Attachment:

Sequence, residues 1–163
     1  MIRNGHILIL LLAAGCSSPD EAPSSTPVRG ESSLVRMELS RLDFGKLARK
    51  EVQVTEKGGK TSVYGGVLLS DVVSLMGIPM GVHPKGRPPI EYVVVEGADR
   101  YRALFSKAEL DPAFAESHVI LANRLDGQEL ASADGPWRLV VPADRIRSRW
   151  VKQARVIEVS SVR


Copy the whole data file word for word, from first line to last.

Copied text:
Sequence, residues 1–163
     1  MIRNGHILIL LLAAGCSSPD EAPSSTPVRG ESSLVRMELS RLDFGKLARK
    51  EVQVTEKGGK TSVYGGVLLS DVVSLMGIPM GVHPKGRPPI EYVVVEGADR
   101  YRALFSKAEL DPAFAESHVI LANRLDGQEL ASADGPWRLV VPADRIRSRW
   151  VKQARVIEVS SVR